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    Full Text of Decision


43433                                  SERVICE DATE – DECEMBER 4, 2013







Docket No. FD 35724 (Sub-No. 1)


California High-Speed Rail Authority

—Construction Exemption—

in Fresno, Kings, Tulare, and Kern Counties, Cal.


Digest:[1]  California High-Speed Rail Authority (Authority) has requested authorization to construct an approximately 114-mile high-speed passenger rail line between Fresno and Bakersfield, Cal.  This decision denies the Authority’s request for a decision on the transportation aspects of the project before the environmental review of the project is completed.  This decision also extends the time for public comment on the transportation merits of the proposed construction project.


Decided:  December 3, 2013


            By petition filed on September 26, 2013, California High-Speed Rail Authority (Authority), a state agency formed in 1996, seeks an exemption under 49 U.S.C. § 10502 from the prior approval requirements of 49 U.S.C. § 10901 for authority to construct an approximately 114-mile high-speed passenger rail line between Fresno and Bakersfield, Cal. (the Line).


            The Line is the second of nine segments of the planned California High-Speed Train System (HST System), which would, when completed, provide high-speed intercity passenger rail service over more than 800 miles of new rail line throughout California.[2]  The complete system would connect the major population centers of Sacramento, the San Francisco Bay Area, the Central Valley, Los Angeles, the “Inland Empire” (i.e., the region east of the Los Angeles metropolitan area), Orange County, and San Diego.  The Authority states that it plans to contract with a passenger rail operator to commence HST System operations once it has completed construction of the portion of the HST system between Merced and the San Fernando Valley, which includes the Line. 


            Request for Conditional Approval.  The Authority requests that the Board conditionally grant the exemption authority by addressing the transportation aspects of the project in advance of the environmental issues.  The Authority states that its design-build contract for a 29-mile segment of the HST System, which is composed of a five-mile portion of the Line and a 24-mile portion of the Merced-to-Fresno segment, requires the Authority to give its contractor a notice to proceed with construction of the five-mile Line segment by July 12, 2014.  The Authority asserts that if it cannot issue the notice to proceed by then, the five-mile segment will be removed from the contract and the Authority will need to renegotiate the price for the construction of the 24-mile segment and the price and timetable for the five-mile segment, which could result in a substantial aggregate increase in the cost of construction of the two segments.  The Authority also expresses concern regarding a possible Board member vacancy after January 1, 2014, and thus asks that the requested conditional grant of authority be effective by year’s end.  A Board vacancy, however, would not prevent the Board from carrying out its functions.


            Although the Board has sometimes made conditional grants of construction exemption authority in the past, it has not done so in several years.  It has also questioned the benefits to a construction applicant given that the Board must consider the environmental effects of the construction proposal before any final approval can be given and before any construction may begin.[3]  Therefore, in the absence of a showing of some unique or compelling circumstances, it is our policy to determine the transportation merits of a construction proposal based on a complete record, including the environmental record.[4]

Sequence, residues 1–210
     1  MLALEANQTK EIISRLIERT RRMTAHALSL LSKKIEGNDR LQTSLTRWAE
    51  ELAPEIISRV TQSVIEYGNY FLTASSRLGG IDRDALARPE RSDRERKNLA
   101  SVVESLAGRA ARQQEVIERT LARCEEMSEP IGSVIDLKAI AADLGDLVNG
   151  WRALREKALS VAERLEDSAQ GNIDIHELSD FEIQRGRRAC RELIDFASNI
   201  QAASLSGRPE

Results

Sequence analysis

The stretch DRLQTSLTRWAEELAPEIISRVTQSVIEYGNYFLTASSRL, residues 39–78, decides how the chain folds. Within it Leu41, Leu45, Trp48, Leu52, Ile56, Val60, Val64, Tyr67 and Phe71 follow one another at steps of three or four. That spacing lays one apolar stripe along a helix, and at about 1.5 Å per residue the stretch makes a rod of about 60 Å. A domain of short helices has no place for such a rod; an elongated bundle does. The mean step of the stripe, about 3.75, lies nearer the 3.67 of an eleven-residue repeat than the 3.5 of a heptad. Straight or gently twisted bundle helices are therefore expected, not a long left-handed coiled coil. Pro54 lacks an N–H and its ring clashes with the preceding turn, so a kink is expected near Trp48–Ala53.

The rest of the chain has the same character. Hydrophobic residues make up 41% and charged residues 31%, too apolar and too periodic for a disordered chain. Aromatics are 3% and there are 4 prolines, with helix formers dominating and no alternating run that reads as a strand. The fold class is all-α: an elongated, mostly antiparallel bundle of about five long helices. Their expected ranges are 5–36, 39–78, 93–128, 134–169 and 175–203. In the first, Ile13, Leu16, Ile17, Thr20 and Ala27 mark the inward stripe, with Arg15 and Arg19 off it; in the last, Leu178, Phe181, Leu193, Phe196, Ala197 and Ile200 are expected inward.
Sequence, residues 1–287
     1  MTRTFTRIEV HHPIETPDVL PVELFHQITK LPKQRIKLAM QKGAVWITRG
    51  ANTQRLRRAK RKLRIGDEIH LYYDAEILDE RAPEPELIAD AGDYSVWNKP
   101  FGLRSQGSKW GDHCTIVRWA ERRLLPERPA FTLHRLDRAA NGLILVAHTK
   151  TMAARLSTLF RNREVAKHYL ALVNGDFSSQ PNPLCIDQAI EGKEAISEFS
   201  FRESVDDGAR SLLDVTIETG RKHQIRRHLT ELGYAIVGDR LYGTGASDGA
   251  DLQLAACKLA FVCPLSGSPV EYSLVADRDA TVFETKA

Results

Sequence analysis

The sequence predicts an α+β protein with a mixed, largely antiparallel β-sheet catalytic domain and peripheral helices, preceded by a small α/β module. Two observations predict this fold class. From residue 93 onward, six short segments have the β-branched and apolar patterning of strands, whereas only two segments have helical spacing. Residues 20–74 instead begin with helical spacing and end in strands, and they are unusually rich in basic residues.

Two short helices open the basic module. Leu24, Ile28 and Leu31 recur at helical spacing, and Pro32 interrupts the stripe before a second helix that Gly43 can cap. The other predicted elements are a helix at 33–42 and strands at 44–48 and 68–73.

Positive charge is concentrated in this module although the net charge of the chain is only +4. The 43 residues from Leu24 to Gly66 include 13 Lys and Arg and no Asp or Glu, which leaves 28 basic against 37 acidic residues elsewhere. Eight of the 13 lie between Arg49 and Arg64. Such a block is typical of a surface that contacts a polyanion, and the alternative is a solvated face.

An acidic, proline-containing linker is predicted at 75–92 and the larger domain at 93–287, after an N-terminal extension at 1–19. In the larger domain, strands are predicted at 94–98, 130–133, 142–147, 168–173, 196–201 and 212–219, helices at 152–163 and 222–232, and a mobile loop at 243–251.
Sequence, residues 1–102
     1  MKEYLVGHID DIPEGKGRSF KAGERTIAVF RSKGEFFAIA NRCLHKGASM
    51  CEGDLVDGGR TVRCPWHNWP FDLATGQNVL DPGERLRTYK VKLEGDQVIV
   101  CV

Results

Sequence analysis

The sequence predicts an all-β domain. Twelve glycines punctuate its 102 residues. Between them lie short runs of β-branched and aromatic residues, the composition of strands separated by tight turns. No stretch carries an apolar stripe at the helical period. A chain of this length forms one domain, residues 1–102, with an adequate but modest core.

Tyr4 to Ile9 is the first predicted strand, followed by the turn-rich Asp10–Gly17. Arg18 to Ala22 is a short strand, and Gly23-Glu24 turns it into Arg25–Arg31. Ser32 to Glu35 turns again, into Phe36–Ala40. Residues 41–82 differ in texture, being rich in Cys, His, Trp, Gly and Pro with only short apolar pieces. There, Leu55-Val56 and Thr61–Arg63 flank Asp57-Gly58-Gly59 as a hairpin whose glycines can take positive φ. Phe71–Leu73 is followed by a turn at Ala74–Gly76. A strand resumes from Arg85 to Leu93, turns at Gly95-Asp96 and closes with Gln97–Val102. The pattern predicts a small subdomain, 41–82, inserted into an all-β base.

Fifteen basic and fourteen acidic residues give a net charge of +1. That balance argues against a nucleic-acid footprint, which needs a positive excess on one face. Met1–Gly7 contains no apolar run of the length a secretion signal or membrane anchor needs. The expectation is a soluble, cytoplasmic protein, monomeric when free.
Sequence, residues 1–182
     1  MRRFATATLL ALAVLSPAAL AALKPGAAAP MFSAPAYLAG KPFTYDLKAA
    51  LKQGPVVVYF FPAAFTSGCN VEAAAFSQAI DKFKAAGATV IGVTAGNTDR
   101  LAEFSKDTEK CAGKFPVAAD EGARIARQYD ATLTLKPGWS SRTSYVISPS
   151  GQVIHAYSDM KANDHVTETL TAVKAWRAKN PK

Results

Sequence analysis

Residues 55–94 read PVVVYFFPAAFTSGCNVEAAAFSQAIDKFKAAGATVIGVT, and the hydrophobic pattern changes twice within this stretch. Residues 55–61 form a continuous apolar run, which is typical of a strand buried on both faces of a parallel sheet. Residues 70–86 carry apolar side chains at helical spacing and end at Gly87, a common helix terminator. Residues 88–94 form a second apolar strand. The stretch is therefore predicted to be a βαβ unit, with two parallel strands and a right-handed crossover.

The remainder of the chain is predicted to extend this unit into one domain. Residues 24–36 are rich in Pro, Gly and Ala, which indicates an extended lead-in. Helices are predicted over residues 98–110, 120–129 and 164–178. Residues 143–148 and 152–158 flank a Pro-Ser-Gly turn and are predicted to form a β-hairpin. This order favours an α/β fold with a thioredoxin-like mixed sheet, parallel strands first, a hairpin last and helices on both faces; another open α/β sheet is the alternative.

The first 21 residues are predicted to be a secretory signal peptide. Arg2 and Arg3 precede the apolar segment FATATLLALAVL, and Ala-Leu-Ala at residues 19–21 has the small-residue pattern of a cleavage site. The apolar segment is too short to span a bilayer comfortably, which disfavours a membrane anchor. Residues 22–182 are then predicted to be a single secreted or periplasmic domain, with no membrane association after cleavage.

The Authority has not presented any unique or compelling circumstances that demonstrate that a two-step decisional process is warranted.  We have an independent statutory obligation to review thoroughly transactions brought before the agency for authorization under the Interstate Commerce Act.  The fact that the Authority contractually agreed to notify its contractor by a certain date that construction can proceed is not a sufficient basis for the Board to carry out its independent statutory obligation in a piecemeal fashion.  Moreover, no construction may begin until after the environmental review is completed and the Board issues its final decision.[5]  Neither a contractual obligation nor a notice to proceed can change that fact.  There is also the possibility that the Board could deny the petition for exemption notwithstanding a prior conditional grant.  Accordingly, the Authority’s request for a conditional grant of the requested exemption authority, subject to the completion of the environmental review process, will be denied.   


Replies to the Petition for Exemption.  Given that the original deadline for replies to the petition fell during the recent Federal government shutdown, during which the Board did not accept any filings,[6] we will extend the period for replies to December 24, 2013, to permit sufficient time for interested persons to prepare and file responses.[7]  Such replies should address the transportation merits of the petition. 


Environmental Review.  Currently, the Federal Railroad Administration (FRA) and the Authority are jointly leading a project-level environmental review of the Line.[8]  In August 2011, FRA and the Authority issued a Draft Environmental Impact Report/Environmental Impact Statement (EIR/EIS), an analysis of the environmental impacts and benefits of implementing the high-speed train between Fresno and Bakersfield.  Public comments on the Draft EIR/EIS were due in September 2011.  Thereafter, FRA and the Authority issued a Revised Draft EIR/EIS in July 2012, on which public comments were due in October 2012.  Preparation of the Final EIR/EIS is underway.